The Roggr Rule

Idly chatting on IRC with other nerds, and reading stories about failed startups, this particular quote got me thinking:
  • Problem 1: Founders
We are two founders (business oriented). In a very short time, we ended up 6 people with various business areas of expertise (web marketing, communication, finance, legal, etc.) but no tech person. Wrong. Each one of my co-founders was a kick ass guy/girl in their own area of expertise but every tech/web startup needs a tech person. This tech person is actually the core of any startup, everyone else is expendable (early stage).
Mistake #1: Assemble a small (2, 3) team. Get a tech co-founder.
My first reaction was "duh", which is a little glib and facile. But then, looking back at my previous startups, I came up with the following completely baseless, arbitrary, unsubstantiated, and therefore awesome, rule of startups, which I modestly named The Roggr Rule:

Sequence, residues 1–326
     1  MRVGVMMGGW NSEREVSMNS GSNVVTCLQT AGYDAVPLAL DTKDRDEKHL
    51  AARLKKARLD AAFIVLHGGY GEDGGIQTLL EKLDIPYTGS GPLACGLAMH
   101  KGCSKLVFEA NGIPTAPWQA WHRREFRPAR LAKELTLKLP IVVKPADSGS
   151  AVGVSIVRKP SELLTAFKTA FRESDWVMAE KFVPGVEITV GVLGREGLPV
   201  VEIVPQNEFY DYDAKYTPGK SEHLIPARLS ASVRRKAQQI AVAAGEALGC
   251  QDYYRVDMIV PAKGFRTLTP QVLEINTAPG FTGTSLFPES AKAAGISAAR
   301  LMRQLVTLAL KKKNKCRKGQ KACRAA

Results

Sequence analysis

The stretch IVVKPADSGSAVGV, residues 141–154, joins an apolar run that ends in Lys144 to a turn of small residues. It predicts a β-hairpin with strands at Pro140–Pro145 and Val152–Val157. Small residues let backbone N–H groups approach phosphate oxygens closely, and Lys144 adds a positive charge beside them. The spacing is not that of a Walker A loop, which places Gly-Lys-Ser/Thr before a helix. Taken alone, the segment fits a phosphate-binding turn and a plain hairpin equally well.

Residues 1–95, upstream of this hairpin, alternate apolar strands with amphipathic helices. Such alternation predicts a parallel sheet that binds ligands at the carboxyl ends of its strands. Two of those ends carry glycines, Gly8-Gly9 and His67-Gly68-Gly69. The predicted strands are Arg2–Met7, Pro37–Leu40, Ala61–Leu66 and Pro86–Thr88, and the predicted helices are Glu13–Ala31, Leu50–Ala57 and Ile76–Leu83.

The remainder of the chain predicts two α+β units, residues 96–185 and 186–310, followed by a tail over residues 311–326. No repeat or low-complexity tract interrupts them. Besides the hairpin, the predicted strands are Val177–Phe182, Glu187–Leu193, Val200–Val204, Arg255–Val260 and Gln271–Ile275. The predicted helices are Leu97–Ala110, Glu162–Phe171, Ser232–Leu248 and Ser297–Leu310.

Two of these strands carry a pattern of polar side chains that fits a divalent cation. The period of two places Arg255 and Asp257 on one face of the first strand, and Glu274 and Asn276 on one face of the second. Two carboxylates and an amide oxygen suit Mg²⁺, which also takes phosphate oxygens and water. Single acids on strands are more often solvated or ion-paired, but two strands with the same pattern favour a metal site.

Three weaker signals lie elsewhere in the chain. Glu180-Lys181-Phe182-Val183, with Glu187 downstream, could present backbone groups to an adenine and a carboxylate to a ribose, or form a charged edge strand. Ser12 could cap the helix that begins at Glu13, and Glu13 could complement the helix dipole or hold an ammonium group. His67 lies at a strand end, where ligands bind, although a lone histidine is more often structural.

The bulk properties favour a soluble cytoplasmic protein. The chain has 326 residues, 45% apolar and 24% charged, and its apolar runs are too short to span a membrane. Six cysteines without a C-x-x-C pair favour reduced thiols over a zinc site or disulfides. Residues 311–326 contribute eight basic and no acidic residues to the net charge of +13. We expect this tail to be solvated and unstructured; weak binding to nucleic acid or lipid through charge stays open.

Any Web startup that doesn't have 2-3x as many techies as business people until it has 15+ heads will fail
Expect to read abundant case studies in best-selling business school textbooks soon.


  1. Sometimes you may have the opposite problem: tech guys with no business connections. I was wondering, when you initiate a startup how do you get people to work for free for the little whatever amount of time before seeding ?

  2. You can put together an advisory board and pay them in future stock. Ideally, though, you'd have 1-2 tech people and 1-2 business people starting the business together, and everybody is paid the same at the beginning (i.e. nothing) until funding comes in. Reaching cash-flow-positive status ASAP is also an alternative to VC funding--depending on the business, it's definitely possible, and it gives you more control over your own destiny.